Safety, according to Dave Whyatt, sales director of Easilift Loading Systems, is the most important concern among loading bay equipment operators and specifiers but environmental issues will rapidly catch up as life is going to get harder for warehouse operators.

The UK Government is determined to be the greenest ever administration, which will have profound implications for warehouse landlords and users. The Energy Act 2011, for example, means that after 2018 it will be unlawful to let buildings with F and G rated energy performance certificates so landlords should act now to avoid significant improvements costs in the future. However, landlords currently with D and E rated buildings should not get too complacent as falling warehouse values caused by tenants reluctant to agree leases on poor performing buildings will affect them as regulations get tougher.

It is not clear upon whose shoulders the warehouse upgrade costs will fall. Much will depend on the conditions in the lease. A standard service charge would most likely include provision for maintenance and repair issues but stretching this to include energy efficient improvements may be seen as a stretch too far. Warehouse operators, therefore, planning to take on new premises should clarify who will bear the costs of upgrades. Operators should be aware of tenant covenants that make them liable to comply with “legal requirements.”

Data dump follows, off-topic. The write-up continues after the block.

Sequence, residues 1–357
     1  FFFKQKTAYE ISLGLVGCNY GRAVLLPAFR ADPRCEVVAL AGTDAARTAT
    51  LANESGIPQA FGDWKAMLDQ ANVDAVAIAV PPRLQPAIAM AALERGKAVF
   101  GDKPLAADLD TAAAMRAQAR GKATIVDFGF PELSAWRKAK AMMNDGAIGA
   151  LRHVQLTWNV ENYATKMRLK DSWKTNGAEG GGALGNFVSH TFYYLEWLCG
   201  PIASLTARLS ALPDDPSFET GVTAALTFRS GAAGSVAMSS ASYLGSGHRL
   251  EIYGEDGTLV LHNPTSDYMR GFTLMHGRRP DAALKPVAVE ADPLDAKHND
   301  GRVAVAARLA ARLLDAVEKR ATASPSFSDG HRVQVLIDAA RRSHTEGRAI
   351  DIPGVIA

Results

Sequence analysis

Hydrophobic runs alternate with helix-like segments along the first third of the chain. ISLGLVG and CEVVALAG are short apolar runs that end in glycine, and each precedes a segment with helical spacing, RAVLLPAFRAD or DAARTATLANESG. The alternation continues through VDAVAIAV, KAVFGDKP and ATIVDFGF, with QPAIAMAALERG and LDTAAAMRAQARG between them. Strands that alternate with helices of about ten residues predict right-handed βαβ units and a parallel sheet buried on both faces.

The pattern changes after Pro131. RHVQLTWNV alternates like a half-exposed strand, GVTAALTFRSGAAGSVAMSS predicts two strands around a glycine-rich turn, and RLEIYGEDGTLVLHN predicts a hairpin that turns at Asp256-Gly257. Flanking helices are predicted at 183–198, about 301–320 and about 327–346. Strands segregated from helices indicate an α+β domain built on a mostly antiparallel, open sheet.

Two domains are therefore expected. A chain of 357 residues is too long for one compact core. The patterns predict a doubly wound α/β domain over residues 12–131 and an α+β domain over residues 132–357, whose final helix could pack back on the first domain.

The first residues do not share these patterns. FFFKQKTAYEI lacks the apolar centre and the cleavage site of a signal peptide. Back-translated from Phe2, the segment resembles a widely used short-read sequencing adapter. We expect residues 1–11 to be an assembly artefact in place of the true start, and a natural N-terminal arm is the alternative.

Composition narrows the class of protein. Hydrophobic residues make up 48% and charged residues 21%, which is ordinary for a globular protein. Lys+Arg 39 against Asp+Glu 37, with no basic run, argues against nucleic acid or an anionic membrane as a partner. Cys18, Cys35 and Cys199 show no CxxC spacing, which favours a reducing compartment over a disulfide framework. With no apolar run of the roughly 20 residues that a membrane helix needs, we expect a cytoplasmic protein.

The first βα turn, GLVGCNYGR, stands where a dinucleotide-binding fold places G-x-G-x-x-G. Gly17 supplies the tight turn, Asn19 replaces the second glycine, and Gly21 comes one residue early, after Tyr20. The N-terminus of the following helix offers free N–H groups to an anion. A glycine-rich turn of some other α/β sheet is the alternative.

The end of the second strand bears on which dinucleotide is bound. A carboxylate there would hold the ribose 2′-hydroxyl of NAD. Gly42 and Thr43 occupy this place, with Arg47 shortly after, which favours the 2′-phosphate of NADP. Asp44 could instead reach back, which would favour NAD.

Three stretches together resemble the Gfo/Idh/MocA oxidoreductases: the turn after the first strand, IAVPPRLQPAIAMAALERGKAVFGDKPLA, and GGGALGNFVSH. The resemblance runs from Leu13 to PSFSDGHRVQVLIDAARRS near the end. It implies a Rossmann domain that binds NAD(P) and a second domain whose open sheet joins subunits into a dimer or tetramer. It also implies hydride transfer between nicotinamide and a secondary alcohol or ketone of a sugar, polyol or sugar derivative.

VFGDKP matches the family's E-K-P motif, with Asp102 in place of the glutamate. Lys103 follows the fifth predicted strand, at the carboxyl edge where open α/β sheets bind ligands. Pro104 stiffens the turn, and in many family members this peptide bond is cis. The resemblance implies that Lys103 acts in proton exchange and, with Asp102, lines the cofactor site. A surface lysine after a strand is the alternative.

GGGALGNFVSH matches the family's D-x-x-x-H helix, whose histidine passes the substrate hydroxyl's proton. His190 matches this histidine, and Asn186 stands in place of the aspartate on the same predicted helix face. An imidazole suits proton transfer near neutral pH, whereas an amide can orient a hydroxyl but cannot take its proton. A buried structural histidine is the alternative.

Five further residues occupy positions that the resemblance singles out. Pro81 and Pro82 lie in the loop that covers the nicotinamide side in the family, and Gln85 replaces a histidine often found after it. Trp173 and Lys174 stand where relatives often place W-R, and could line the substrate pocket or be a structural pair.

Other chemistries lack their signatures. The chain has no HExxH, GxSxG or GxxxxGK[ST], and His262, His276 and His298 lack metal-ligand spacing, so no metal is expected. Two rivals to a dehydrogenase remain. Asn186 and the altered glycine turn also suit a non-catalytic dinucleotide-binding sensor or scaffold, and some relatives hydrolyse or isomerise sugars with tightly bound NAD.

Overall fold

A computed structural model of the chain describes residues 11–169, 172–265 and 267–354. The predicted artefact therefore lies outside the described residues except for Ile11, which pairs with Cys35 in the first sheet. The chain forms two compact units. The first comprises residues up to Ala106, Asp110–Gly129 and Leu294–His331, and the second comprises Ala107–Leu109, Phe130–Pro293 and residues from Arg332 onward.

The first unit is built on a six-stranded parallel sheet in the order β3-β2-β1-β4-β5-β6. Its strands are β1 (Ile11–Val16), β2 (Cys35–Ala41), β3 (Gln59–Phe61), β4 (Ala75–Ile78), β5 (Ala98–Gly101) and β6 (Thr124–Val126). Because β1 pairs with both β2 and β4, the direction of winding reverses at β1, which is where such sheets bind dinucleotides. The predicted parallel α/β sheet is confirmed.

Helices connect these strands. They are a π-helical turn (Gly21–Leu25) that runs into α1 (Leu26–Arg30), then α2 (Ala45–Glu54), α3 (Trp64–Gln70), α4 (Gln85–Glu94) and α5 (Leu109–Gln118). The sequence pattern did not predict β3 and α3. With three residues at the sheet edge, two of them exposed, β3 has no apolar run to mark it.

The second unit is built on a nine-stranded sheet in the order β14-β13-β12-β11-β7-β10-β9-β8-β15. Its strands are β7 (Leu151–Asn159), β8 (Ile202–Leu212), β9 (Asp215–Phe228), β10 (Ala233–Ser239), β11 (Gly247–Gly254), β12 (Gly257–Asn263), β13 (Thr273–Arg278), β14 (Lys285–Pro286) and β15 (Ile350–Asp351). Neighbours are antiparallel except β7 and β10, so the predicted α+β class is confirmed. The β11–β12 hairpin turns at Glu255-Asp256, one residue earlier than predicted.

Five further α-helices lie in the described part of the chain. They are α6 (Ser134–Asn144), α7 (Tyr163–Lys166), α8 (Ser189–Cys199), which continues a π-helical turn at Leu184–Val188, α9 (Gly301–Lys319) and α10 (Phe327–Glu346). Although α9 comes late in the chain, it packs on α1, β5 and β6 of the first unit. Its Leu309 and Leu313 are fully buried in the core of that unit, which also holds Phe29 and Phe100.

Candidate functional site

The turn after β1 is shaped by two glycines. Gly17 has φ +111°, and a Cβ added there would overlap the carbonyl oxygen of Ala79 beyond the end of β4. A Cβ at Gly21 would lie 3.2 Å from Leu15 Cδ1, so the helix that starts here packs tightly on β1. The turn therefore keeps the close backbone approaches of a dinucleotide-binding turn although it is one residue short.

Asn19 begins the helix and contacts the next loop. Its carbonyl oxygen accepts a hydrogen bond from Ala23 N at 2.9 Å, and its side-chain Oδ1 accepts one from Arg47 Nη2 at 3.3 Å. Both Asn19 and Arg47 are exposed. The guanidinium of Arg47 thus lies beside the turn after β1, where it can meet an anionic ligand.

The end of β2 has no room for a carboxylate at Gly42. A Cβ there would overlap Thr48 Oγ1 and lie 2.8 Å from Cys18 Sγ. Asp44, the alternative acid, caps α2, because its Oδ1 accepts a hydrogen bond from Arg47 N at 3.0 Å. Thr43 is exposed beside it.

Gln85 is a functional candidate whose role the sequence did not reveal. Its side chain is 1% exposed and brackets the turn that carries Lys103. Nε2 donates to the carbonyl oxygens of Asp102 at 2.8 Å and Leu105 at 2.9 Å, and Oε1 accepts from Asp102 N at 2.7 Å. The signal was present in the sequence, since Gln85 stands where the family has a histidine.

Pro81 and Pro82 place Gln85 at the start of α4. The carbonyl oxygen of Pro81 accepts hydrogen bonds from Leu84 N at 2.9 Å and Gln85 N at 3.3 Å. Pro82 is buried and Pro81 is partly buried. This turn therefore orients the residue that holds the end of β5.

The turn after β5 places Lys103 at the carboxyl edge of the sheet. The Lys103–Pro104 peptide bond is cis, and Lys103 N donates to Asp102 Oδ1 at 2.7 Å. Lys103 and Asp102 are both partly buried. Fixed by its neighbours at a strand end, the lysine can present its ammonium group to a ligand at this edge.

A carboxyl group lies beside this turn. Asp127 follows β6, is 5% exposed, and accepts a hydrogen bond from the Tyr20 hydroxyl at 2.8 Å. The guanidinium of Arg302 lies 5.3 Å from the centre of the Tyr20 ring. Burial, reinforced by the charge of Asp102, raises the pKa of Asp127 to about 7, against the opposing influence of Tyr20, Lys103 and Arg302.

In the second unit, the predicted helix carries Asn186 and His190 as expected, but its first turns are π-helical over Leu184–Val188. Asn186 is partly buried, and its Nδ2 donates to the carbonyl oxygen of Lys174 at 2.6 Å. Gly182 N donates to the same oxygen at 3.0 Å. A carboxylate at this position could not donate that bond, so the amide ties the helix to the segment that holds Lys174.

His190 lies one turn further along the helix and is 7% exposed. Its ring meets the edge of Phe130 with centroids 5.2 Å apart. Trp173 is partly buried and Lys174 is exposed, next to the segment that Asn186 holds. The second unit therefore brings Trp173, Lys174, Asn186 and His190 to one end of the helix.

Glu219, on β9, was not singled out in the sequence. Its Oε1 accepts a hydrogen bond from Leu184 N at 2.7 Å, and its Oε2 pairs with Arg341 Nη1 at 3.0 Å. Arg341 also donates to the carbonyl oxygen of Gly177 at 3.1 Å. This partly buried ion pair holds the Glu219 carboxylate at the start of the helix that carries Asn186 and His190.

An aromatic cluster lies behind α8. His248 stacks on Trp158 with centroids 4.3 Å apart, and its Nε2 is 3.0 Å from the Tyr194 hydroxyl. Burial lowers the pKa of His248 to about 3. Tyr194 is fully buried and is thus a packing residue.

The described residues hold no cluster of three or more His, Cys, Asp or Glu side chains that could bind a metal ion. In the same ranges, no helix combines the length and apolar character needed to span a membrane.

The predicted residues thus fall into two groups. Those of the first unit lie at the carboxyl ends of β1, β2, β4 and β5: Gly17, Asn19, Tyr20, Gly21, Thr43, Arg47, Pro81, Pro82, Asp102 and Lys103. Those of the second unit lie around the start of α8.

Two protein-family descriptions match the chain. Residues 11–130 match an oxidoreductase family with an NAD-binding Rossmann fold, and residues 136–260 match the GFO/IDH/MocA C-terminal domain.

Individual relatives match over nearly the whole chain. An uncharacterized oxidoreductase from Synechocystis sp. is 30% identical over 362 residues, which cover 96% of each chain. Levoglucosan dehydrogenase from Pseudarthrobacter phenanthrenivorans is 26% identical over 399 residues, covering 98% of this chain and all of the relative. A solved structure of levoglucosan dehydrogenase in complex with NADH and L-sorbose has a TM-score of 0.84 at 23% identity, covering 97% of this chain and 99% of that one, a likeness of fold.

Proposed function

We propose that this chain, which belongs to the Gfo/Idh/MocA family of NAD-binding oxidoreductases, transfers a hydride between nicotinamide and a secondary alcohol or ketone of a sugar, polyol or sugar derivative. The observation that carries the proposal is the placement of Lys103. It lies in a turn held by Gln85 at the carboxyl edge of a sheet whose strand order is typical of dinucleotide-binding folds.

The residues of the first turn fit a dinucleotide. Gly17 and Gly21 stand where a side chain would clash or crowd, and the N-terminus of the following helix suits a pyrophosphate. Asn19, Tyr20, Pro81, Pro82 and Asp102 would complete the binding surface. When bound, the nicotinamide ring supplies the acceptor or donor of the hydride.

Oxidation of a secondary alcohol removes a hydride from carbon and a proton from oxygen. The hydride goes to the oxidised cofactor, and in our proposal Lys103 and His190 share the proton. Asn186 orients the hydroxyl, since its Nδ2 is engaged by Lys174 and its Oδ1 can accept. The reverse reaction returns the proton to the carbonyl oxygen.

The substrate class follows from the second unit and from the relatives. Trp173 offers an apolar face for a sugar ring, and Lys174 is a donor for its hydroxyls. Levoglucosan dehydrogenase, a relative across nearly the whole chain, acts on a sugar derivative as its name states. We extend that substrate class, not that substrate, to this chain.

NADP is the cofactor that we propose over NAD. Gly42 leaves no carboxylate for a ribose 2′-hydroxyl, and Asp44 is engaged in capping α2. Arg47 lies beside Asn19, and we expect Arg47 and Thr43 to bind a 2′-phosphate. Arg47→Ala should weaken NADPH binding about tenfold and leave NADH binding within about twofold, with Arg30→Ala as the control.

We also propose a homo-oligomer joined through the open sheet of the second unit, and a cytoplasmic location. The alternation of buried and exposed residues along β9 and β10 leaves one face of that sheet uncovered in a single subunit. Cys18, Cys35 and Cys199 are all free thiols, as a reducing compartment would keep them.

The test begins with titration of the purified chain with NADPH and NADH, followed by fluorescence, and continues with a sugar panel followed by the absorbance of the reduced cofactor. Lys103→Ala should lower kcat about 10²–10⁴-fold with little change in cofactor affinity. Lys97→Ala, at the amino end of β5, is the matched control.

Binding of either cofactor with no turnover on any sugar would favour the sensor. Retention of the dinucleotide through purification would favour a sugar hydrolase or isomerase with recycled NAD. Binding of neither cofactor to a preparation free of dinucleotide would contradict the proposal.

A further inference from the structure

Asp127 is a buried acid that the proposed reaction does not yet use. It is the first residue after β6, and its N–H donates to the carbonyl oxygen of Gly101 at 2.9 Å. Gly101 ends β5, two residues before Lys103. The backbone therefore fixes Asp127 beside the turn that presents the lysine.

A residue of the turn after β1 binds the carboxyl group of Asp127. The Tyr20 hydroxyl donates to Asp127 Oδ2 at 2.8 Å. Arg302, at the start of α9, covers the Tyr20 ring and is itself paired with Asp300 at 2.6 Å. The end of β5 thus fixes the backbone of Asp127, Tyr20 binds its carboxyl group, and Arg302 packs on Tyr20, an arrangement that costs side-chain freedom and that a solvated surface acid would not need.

Warehouses with F and G ratings typically use metal roller shutter doors which are already being shunned in new builds but how do loading bay issues affect energy performance and what can be done to improve energy ratings?

The Performance of Buildings Certificates and Inspections Regulations 2007 mean that all commercial buildings being built, sold or leased after October 1, 2008 will need an energy performance certificate, which offers an A to G rating based on anticipated output of the building. All commercial tenants will be obliged to allow energy assessors access for inspection purposes.

An A rating will be a very energy efficient property with lower running costs. The inspectors will recommend how the energy efficiency of a building could be improved. Fortunately, if considering new loading bay investments then leading door/shelter suppliers like Hormann, Sara, Stertil and Union Industries will offer free energy audits for the loading bay, which of all parts in a warehouse is likely to leak the most energy. Unfortunately, however, at present doors do not qualify for interest-free loans from the Carbon Trust. Yet there is no good reason why funding could not be extended to dock doors and level entry doors provided the users do not operate an open door policy.

Combined with legal constraints, soaring energy costs are also driving changes in door selection, says Hormann’s industrial director, Alan Jenkins, who is seeing operators incorporating cold store logistics into ambient storage. Consequently, Hormann has developed an insulated high speed spiral door, which could replace two door types, the rapid roll PVC roller doors and solid, slow-moving outer security doors. Another interface between vehicle and loading dock sometimes worth considering is the inflatable dock shelter which could cut energy losses because other interfaces are more likely to leak energy.

Energy issues in the loading bay are important and the clock is now ticking for those with F and G ratings.

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